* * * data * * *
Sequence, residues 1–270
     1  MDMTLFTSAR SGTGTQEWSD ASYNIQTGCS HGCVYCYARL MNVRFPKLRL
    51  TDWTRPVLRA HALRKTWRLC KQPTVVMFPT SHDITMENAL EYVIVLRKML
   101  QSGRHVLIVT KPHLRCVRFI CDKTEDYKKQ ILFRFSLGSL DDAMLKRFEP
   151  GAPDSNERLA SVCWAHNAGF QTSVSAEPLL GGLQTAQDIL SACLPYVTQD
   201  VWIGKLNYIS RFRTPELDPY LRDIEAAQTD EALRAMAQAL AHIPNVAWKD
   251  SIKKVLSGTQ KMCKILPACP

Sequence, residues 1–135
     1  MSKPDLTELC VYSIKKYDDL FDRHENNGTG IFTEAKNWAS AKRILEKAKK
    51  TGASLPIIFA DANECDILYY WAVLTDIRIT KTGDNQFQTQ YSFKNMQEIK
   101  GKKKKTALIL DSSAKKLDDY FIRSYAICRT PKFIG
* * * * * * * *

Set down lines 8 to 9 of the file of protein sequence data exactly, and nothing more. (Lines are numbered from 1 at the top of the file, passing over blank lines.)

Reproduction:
Sequence, residues 1–135
     1  MSKPDLTELC VYSIKKYDDL FDRHENNGTG IFTEAKNWAS AKRILEKAKK